United States President, Donald Trump, won't visit Nigeria until after the 2019 polls, Foreign Affairs Minister, Geofrey Onyeama, said in Washington DC, United States yesterday.
Onyeama who made this disclosure while answering questions from journalists on the aftermath of Buhari's visit to the US alongside his counterparts in the Ministry of Justice, and Industry, Trade and Investment, said visits at presidential levels is not usually a simple affair.
According to him, it usually takes at least one year to plan for a presidential visit adding that with the proximity to elections in Nigeria as well as Trump's busy schedule, the possibility of Trump's visit will be late next year.
"Regarding the invitation, well if the programmes of the two presidents are very very intensive, it usually takes anything up to a year to prepare for invitation at that kind of level before they actually take place. Of course in Nigeria, you know we have elections coming up and a very very busy schedule as that of President Trump, maybe sometime next year, we could envisage something like that," he said,
In his own briefing, Minister of Industry, Trade and Investment, Okechukwu Enelamah, said the federal government had signed investment agreement with General Electric of the US on railway concessions which he said would be executed in two phases.
He also said the president met with other prospective investors such as John Deere on the possibility of assembling tractors in Nigeria adding that Boeing will offer some support to the aviation sector while other companies such as Procter & Gamble and Chevron have also been engaged on possible investments in Nigeria.
"First, on Friday, the government signed investment agreement with General Electric on the railway concessions. The agreement is going to be in two phases. The first phase is to get the job rolling that will involve over $40 million investment that will get some of the existing rail tracks working, with the right coaches and carriages to get some of the cargoes and passengers going. And then there is the big one which is the $2 billion investment to revamp our existing rail and making sure its use for cargo and transport. That is the narrow gauge and the existing rails we have in addition to all the new ones we have. So that is just one investment from one company.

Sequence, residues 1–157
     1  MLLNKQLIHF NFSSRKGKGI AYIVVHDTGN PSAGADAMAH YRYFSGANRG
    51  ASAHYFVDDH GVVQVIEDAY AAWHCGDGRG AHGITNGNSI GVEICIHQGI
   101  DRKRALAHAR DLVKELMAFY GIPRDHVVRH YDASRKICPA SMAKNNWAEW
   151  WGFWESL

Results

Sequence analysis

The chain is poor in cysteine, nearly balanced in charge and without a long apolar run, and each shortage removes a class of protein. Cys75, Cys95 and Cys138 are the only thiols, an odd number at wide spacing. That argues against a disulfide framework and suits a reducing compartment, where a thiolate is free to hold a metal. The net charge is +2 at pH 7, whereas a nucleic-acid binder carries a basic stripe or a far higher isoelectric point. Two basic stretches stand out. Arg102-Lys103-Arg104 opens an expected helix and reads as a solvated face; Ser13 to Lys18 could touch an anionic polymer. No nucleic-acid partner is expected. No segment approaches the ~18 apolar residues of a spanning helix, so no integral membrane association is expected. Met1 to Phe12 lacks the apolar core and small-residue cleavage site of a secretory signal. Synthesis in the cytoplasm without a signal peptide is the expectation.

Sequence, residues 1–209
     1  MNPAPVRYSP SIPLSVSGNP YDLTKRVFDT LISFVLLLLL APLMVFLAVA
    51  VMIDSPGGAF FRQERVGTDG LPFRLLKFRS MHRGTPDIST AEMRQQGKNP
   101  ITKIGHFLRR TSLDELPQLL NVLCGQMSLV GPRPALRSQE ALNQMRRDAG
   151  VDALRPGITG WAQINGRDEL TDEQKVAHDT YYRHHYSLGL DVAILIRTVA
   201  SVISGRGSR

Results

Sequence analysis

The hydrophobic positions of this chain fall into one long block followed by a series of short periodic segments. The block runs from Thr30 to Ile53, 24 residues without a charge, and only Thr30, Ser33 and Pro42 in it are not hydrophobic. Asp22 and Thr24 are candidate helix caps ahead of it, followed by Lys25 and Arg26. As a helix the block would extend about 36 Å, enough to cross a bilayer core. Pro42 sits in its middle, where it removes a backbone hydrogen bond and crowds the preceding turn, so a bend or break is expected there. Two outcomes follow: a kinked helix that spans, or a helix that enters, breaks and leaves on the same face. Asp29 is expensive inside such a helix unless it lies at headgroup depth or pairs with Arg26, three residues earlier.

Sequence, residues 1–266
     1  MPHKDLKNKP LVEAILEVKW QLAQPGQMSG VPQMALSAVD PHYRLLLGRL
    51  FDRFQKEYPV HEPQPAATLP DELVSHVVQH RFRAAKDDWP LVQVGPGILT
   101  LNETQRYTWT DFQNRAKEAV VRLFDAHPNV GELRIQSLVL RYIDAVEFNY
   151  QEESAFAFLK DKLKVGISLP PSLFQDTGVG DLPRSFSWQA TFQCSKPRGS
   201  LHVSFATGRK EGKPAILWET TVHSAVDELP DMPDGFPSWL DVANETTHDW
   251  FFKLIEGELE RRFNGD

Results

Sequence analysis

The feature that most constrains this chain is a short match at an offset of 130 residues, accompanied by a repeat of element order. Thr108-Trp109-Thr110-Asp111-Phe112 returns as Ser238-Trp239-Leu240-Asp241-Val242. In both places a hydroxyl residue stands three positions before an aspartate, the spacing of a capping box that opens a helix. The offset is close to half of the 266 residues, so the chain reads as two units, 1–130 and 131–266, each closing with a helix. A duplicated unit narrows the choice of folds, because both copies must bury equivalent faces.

"Some of the companies Mr. President met with were John Deere, that is looking to assemble and supply tractors in Nigeria. At its full expression, it is expected to exceed 10,000 tractors. Initially, it's going to be in hundreds but there is no question that it fits this model of trying to invest in Nigeria, train people, employ people and help the agriculture value chain in terms of its mechanization, automation and all the good things that come from a company like John Deere.
"Other companies like Cotava, that are basically into agricultural business which is being turned into a multi-million dollar business, another company called Continental Grains, Bongi; There is Flour Mills, who are all looking to make serious investments in Nigeria. Our own companies were there as well, including the Dangote Group.
"Everyone of these companies are committed to making a serious investment in Nigeria that runs into hundreds of millions of dollars and in aggregate will become billions of dollars just like the GE one. For instance, Boeing is very interested in supporting the aviation sector, the plan to roll out something that will increase the availability of flights from Nigeria.
"Procter & Gamble is looking to expand its investment in Nigeria. Chevron, as you know, is the oil company. It also commended Nigeria on how they have succeeded in sorting out the historical problem with cash calls and so on. So, in terms of investment and commitment, there is every reason to be positive. It is certainly in the billions of dollars. We need to sharpen our pencils and take it on," he said.
On exactly what President Trump meant by agricultural produce coming to Nigeria, Enelamah said: "What is to take away is that there is a lot of scope for collaboration between Nigeria and the US. Our view is that the major scope is that the fact that you have these agricultural businesses whether they are in equipment like John Deere or they are in crops and seeds and enhancement like Coteva and Bongi or Continental grains, that can help improve production in Nigeria.
"So, most of them will certainly function there. Clearly, when it comes to trade between the two countries, there will always be scope for trade. But right now, when you include oil, it will mean Nigeria exporting more to the US but when you remove oil, the US is actually exporting more to Nigeria. I think the important thing is that the balance of trade should grow on both sides and it should be win-win. And that is exactly what will happen based on what we will see today."
Also briefing, the Attorney General of the Federation (AGF) and Justice Minister, Abubakar Malami, said plans were being made for the AGFs of both countries to draw up plans for the repatriation of $500 million stolen funds from the US to Nigeria as agreed by both Trump and Buhari on Monday.